“Somewhere bodies are being broken so that I can live in my shit” (91). This is the main argument of Stephan Lessenich’s book Living Well at Others’ Expense. Lessenich, in a clear and accessible manner, has done an in-depth analysis of the asymmetrical power relations between the Global North and the Global South and the consequences of them. He uses various examples ranging from the ecological disasters to the refugee crisis to explain how capitalist society is inherently political and extractive in nature, calling it an Externalization Society, which keeps the few chosen ones inside and the rest on the margins of the periphery.

Lessenich begins the book with a depressing ecological disaster in Rio Doce, Brazil, to prepare the reader for what to expect: various crises happening simultaneously around the world and many of us choosing to be oblivious of them. He explains that there is nothing natural about the bursting of the walls of two reservoirs containing the wastewater from an ion ore mine in Rio Doce. It was all fated right from the beginning, when the poor countries of the Global South agreed to sell their labor, their minerals, and other resources to satisfy the desire of the Global North to elevate themselves. He problematizes the situation further, discussing the distribution of wealth of the certain Nations—the “opportunity hoarding” (39) or “social closure” through terms of trade and finance and law. He warns that we live in an era of a “Boomerang Effect” (52), where nature is going to spit out what we have been throwing at it. Simply put, climate change is too big a crisis to externalize.

He discusses the Anthropocene or Occidentocene—the ecological burden of the various practices adopted by the large agribusiness corporations—China gaining momentum, and the tiny bits of plastic finding their way into the food of citizens of the Global North. He points to the irony of ethical consumerism—delivered on the same day on your doorstep.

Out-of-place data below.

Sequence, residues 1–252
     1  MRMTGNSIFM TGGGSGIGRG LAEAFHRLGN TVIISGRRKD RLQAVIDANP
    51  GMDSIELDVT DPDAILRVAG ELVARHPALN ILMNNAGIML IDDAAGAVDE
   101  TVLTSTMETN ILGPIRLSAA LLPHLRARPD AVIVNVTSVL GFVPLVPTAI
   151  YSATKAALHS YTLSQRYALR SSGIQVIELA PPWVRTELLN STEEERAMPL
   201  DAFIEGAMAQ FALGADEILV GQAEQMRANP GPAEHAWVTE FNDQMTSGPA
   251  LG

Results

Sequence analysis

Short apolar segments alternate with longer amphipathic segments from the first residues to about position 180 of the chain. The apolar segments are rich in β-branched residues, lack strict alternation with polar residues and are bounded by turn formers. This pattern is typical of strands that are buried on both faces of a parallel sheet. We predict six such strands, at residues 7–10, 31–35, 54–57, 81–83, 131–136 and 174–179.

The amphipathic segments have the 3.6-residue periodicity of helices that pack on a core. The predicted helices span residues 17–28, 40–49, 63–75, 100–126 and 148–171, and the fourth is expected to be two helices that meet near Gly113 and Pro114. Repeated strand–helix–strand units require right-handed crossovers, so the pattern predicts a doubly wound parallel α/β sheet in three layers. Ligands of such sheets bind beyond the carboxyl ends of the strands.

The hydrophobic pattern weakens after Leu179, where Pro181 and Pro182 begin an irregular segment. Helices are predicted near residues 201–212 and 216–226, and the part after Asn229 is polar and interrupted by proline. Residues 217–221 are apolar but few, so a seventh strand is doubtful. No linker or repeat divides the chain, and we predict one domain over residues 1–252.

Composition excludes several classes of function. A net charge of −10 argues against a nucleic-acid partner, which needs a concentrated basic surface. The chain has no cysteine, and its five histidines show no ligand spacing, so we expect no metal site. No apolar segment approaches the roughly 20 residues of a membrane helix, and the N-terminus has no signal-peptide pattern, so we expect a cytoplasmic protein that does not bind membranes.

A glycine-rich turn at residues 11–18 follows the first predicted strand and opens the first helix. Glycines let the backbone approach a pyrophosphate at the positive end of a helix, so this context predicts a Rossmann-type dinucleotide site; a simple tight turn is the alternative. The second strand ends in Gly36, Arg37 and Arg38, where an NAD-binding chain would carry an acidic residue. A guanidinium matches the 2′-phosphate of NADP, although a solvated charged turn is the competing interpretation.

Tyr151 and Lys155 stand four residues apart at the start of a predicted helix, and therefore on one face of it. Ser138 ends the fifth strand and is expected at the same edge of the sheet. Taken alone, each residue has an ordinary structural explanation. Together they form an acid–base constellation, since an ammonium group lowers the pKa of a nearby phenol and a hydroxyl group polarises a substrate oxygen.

Law, he points out, has been used to create boundaries. It is an effort to keep the dangers and diseases out of the Externalization Society. Lessenich is critical of global leadership, in which people sitting in ivory towers talk about inequality. Here, developing countries like Pakistan and Lebanon, which are host to millions of refugees, expose the double standards of the Global North. The book closes with radical ideas like the restructuring of the national and international institutional frameworks and discusses the need for collective acceptance leading to collective empowerment. Besides this, Lessenich has continued his criticism of the Global North and the complicit nature of its citizens.

This book is an important addition to the scholarship on inequality, environmental policy, and international relations. Various themes, such as climate crisis, monopolization of travel, and the desire to “keep up with the Joneses,” have been used masterfully to highlight the comparison between the citizens of the Global South and those of the Global North. Lessenich’s dissatisfaction with Thomas Pikettey’s seminal work and concerns with other indicators like gross domestic product and the Human Development Index demand serious consideration. He could have used quantitative data to strengthen his argument and could have spent more time exploring the complicit attitude of the elites in the Global South in maintaining the status quo. Future research can be built on his important work to analyze and measure inequality in both the Global North and the Global South.